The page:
I Got to Second Base!

The Bellingham Bells lost last night to the Wenatchee AppleSox — yes, seriously, they’re called the AppleSox — in the third game of a three game, elimination series. That means they won’t be playing for the league championship this weekend.

With the Bells done and my dad and kid brother’s team over for the year, this will mean considerably less baseball blogging. For those readers who were getting sick of it, indulge me in one last story for the foreseeable.

This story is about a much younger version of your diarist. It was sometime during my fourth grade year. We had moved to a new house and new school in Tacoma — from University Place to the North End — called Sherman Elementary.

I was never popular in K-12, but add “the new kid” and you can understand why, when we had a T-ball game in PE, the pecking order operated the way it did. The captains of both teams figured, “He’s weird and he can’t hit,” and so I was picked dead last, grudgingly, and stuck at the back of the lineup.

Now, I had a secret: I could hit — not just connect for a base hit, but really crush the heck out of the ball. But they didn’t know that, so when it finally got around to my turn at the plate, it seemed like a fun idea to torture both teams.

“Come in,” yelled one of the outfielders when he saw I was up at the T and they moved to about midfield. I looked at them, mustered a certain look on my face and… hit the T.

They came in further. I put on the same look and missed again, this time intentionally swinging over the ball.

They came in further so that they were just on the periphery of the infield. I screwed up my face again, cocked my bat and swung away. It hit the fence on one bounce. The outfielders ran like crazy to try to contain the damage.

Several runs scored. I walked to second base and could have made third easy. “Run!” the folks on my team screamed. But remember I was picked last, so second base seemed about right.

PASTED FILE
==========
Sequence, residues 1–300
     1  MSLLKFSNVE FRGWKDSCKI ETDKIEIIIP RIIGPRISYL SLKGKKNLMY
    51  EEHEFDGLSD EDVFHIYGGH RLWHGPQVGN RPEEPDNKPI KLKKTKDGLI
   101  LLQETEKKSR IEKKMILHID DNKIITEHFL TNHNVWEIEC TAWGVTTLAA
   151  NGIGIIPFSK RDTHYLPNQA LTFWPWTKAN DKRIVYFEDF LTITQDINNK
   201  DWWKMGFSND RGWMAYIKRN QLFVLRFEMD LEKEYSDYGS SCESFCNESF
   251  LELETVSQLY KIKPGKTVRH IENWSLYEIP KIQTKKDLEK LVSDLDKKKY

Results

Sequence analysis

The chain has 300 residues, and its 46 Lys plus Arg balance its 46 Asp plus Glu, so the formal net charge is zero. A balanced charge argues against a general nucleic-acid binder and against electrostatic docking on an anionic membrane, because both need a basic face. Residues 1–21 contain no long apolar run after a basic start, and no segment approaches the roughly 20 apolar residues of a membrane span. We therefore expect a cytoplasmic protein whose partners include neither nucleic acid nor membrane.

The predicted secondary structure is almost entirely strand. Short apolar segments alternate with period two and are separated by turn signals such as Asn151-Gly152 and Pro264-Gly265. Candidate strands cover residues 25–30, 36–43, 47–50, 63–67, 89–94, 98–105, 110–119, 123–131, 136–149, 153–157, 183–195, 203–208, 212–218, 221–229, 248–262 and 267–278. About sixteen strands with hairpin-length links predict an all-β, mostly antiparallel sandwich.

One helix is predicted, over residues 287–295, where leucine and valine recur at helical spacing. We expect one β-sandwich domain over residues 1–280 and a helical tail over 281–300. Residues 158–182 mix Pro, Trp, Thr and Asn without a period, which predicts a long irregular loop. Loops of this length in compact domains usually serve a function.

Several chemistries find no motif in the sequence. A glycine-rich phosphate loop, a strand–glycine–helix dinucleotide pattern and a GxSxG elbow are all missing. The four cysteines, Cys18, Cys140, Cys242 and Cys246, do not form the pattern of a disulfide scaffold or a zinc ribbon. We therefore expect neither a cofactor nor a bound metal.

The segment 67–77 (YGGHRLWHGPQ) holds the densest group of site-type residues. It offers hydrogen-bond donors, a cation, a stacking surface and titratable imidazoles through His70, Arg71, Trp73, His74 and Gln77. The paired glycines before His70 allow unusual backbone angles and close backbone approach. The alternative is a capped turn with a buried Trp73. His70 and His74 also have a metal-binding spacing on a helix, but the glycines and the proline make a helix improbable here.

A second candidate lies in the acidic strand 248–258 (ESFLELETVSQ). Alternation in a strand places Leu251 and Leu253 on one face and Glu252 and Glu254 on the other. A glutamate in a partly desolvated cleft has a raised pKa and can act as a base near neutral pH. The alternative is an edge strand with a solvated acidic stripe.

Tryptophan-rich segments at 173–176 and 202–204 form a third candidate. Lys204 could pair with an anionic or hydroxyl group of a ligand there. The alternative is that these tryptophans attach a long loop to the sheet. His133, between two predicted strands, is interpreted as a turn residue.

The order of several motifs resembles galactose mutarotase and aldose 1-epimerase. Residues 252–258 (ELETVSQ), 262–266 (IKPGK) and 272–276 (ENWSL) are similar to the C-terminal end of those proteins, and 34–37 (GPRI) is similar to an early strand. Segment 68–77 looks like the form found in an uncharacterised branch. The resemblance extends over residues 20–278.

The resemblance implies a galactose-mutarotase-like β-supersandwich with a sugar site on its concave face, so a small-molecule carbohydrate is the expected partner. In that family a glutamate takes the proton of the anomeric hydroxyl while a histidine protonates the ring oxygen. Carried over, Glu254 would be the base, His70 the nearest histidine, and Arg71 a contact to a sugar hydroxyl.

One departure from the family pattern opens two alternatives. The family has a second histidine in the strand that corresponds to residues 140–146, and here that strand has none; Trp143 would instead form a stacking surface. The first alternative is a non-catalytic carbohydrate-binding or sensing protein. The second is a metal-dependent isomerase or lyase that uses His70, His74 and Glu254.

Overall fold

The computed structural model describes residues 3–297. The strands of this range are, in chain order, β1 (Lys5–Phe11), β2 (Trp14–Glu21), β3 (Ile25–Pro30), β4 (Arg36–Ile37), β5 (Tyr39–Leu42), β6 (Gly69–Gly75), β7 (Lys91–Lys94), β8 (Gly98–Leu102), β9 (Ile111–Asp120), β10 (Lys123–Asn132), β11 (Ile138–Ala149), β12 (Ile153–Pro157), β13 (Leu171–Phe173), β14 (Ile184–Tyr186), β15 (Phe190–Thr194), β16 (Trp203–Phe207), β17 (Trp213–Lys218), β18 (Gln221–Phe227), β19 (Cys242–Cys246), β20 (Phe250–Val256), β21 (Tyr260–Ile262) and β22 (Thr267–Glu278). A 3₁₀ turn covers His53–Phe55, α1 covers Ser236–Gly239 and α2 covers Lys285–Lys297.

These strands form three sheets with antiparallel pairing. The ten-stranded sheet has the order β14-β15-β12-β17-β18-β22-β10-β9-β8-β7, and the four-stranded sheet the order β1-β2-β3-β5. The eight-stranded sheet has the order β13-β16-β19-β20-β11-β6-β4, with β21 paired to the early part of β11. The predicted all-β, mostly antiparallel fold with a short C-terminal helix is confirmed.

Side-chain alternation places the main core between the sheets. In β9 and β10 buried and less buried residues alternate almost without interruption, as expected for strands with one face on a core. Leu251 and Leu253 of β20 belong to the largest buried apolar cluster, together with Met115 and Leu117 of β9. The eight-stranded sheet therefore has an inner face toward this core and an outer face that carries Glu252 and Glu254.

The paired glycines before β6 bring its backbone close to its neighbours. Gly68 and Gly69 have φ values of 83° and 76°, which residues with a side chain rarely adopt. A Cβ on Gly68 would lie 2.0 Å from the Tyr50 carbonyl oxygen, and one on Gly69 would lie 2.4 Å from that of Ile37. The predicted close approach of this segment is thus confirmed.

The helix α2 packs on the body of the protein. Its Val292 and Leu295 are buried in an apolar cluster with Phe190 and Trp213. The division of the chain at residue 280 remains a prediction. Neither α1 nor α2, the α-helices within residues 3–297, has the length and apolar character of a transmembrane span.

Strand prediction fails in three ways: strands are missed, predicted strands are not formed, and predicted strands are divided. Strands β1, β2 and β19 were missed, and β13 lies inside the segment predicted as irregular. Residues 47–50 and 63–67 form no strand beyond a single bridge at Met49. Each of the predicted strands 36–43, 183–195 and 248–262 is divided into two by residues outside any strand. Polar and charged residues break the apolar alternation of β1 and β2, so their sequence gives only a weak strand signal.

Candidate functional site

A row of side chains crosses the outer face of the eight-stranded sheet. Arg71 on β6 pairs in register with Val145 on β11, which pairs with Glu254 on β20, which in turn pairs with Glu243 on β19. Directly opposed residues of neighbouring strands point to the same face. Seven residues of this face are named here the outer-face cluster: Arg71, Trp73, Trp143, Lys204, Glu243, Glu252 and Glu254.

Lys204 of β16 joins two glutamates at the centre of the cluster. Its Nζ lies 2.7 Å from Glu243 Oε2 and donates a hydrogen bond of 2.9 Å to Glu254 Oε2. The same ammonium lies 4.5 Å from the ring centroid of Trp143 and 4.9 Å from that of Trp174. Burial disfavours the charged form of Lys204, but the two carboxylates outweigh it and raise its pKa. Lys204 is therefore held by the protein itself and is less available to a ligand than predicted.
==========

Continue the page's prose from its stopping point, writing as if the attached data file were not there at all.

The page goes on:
Oh It Burns, It Burns

“Bellingham Bell[e]s, is that a girls team?” asked a friend in town for the weekend.

Onions Have Layers–Walla Walla, Not So Much

The Walla Walla Sweets beat the Bellingham Bells for the last two games of the regular season and your diarist is still a little sore about it. To play you out for the week, here is a song to highlight that sprawling metropolis’s second largest legitimate industry.

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Hells Bells

The Bellingham Bells baseball game last night was highly contentious and a little bit tragic. The Bells overtook the Walla Walla Sweets’ early lead, then fell apart.

Both the coach and the starting pitcher got tossed for yelling at the umps over bad calls. The Bells almost but didn’t quite manage a 9th inning attempt to put the egg back together again. They lost 7-6.

Tom Hanks reminded us that there is no crying in baseball. Yet shouldn’t there be an exception when you lose to a team whose city is known globally for its onions? (Or its prison, thanks to The Offspring.)

Tonight is the last game of the season, with fireworks after. Of course I’ll be there. Saturday is the only guaranteed home game of post-season play. Unless they’ve sold out by the time the box office opens tonight, your diarist’s attendance there is a lock.

“Why?” you might wonder:

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Bunt Instruments

“I want to kill that coach!” That’s what the normally good natured Bob Lott, father of this diarist and a life-long baseball/softball coach, growled near the end of last night’s Bellingham Bells game.

The boiling point was bunts. The Bells, our local West Coast League baseball team, are obsessive about bunting to advance the runner. They’re actually very good at it but a) bunts are extremely risky; b) you’re effectively trading the other team an out for a base; and c) drilling to get them right comes at the expense of other vital things.

Twice last night, the Bells loaded the bases versus the Corvalis Knights and came back to the field with nothing to show for it. A couple 2-run early innings proved vital. They finally won the game 6-5 in the bottom of the 10th, proving, once again, that it’s good to be home.

Here’s the official write-up of the game. It does not mention the between-innings entertainments: the antics of team mascot Dinger the Bellinghamster; the running of the children; or that high school girl’s unique interpretation of the Star Spangled banner.

And then: fireworks. Our crowd got the show that had been scheduled for the July 3rd game that got rained out. When the rockets went up a little after 10, it was a little bit chilly — high ’50s, low ’60s — but we surely didn’t mind that.

Dinger


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